Pharmacotherapy of obstructive sleep apnea

Ther Adv Respir Dis. 2008 Dec;2(6):375-86. doi: 10.1177/1753465808098225.


Obstructive sleep apnea (OSA) is associated with serious comorbid illnesses and diminished quality of life. At this time, continuous positive airway pressure (CPAP) therapy is the treatment of choice. However, only half of those individuals who accept CPAP are still using it at the end of one year. Furthermore, efficacy for improving self-reported sleepiness appears to be greater for patients with severe sleep apnea and severe sleepiness than other patient groups. Some patients, notwithstanding optimized therapy and therapeutic adherence continue experiencing excessive daytime somnolence. Consequently, other treatment modalities have developed, including oral appliances, surgery and pharmacotherapy. It is widely believed, albeit not empirically demonstrated, that an effective medication to treat OSA would elicit better acceptance and adherence than having to use a machine for many hours on a nightly basis. Nonetheless, paucity of data (i.e. lack of large-scale randomized controlled trials), variability of perceived and actual benefits, and adverse side-effects of the drugs thus far tested have prevented the use of pharmacotherapy until now. In this paper we review the outcome data from published trials designed to evaluate efficacy and safety of various medications proposed for treating obstructive sleep apnea.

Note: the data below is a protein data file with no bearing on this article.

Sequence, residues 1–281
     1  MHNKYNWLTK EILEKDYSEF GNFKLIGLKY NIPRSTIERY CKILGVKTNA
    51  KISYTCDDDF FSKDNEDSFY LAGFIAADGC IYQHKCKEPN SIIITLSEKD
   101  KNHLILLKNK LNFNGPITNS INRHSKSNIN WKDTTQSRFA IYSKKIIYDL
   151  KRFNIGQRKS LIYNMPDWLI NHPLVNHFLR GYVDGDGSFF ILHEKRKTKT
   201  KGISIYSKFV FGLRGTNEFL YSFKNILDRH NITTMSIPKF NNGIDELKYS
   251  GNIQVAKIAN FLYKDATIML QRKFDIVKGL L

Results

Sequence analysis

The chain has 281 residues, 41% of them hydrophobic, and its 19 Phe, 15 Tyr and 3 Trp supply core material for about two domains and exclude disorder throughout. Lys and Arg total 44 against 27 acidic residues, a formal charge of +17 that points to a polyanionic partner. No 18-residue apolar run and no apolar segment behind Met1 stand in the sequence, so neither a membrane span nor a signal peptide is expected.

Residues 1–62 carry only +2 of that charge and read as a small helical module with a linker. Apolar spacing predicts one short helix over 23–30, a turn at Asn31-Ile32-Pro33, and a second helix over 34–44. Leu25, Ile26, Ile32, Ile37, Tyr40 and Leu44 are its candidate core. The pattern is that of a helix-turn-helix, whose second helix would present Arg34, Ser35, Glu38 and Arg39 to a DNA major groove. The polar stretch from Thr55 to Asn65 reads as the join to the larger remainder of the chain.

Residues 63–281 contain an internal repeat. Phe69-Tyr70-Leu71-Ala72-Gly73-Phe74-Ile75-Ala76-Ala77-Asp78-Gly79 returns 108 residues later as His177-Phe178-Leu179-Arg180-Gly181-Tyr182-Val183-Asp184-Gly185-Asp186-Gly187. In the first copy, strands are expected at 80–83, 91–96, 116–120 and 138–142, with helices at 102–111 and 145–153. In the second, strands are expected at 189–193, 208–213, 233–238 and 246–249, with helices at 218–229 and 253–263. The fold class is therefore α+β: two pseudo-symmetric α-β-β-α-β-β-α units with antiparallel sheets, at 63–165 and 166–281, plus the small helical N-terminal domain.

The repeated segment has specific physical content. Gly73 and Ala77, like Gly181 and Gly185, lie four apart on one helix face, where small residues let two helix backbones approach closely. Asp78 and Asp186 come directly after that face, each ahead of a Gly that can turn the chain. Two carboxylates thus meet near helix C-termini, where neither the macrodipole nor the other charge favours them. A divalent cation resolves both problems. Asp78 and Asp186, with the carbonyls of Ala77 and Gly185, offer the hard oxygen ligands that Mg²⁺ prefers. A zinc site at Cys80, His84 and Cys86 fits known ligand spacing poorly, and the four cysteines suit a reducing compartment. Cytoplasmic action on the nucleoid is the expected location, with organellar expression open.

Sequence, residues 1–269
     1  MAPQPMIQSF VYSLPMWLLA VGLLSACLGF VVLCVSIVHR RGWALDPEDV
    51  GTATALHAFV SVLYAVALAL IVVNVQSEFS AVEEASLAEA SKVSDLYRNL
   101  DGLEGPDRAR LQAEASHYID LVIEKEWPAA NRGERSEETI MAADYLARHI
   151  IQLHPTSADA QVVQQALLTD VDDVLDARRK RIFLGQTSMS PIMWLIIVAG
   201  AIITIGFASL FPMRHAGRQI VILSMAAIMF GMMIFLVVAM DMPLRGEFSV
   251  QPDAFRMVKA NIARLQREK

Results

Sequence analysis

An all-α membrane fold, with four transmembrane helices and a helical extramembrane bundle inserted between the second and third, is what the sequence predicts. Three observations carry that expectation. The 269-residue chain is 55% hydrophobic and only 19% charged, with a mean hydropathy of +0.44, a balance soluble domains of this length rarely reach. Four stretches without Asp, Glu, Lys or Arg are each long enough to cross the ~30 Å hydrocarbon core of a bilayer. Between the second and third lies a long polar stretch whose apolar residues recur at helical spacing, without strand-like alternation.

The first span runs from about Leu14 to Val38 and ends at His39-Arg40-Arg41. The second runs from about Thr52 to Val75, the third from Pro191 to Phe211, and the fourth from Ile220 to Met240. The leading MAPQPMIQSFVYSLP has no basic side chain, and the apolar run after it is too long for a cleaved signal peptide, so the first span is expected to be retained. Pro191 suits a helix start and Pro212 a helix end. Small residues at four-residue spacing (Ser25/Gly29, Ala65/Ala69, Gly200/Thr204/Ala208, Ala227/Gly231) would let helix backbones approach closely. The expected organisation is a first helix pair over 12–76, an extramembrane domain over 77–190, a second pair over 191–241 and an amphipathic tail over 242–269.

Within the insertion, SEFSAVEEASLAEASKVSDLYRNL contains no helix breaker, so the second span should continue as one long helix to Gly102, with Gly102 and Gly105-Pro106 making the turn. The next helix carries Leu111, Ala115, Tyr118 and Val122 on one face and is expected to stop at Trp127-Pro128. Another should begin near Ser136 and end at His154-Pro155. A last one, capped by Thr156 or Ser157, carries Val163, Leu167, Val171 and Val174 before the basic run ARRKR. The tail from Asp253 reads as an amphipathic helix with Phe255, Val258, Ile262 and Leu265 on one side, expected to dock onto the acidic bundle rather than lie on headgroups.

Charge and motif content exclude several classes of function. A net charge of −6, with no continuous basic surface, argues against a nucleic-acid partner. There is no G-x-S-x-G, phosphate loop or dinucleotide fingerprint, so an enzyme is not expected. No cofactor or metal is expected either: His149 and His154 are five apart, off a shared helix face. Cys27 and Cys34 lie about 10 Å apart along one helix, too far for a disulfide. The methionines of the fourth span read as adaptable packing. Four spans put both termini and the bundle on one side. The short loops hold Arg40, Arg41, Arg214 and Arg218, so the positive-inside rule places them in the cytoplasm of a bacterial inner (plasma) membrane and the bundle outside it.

Publication types

  • Review

MeSH terms

  • Clinical Trials as Topic
  • Comorbidity
  • Continuous Positive Airway Pressure / methods
  • Disorders of Excessive Somnolence / etiology
  • Disorders of Excessive Somnolence / prevention & control*
  • Humans
  • Patient Compliance
  • Quality of Life
  • Severity of Illness Index
  • Sleep Apnea, Obstructive / drug therapy*
  • Sleep Apnea, Obstructive / physiopathology
  • Sleep Apnea, Obstructive / therapy